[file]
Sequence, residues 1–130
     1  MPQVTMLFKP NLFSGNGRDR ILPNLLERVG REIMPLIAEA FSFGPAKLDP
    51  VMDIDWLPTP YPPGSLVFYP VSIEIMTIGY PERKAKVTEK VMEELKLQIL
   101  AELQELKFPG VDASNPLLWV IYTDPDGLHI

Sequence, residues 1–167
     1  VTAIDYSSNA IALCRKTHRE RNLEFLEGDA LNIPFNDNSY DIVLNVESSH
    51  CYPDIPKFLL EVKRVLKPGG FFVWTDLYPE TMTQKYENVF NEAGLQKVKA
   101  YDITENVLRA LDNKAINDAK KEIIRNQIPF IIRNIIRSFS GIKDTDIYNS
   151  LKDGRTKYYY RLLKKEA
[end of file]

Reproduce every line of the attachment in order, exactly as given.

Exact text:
Sequence, residues 1–130
     1  MPQVTMLFKP NLFSGNGRDR ILPNLLERVG REIMPLIAEA FSFGPAKLDP
    51  VMDIDWLPTP YPPGSLVFYP VSIEIMTIGY PERKAKVTEK VMEELKLQIL
   101  AELQELKFPG VDASNPLLWV IYTDPDGLHI

Sequence, residues 1–167
     1  VTAIDYSSNA IALCRKTHRE RNLEFLEGDA LNIPFNDNSY DIVLNVESSH
    51  CYPDIPKFLL EVKRVLKPGG FFVWTDLYPE TMTQKYENVF NEAGLQKVKA
   101  YDITENVLRA LDNKAINDAK KEIIRNQIPF IIRNIIRSFS GIKDTDIYNS
   151  LKDGRTKYYY RLLKKEA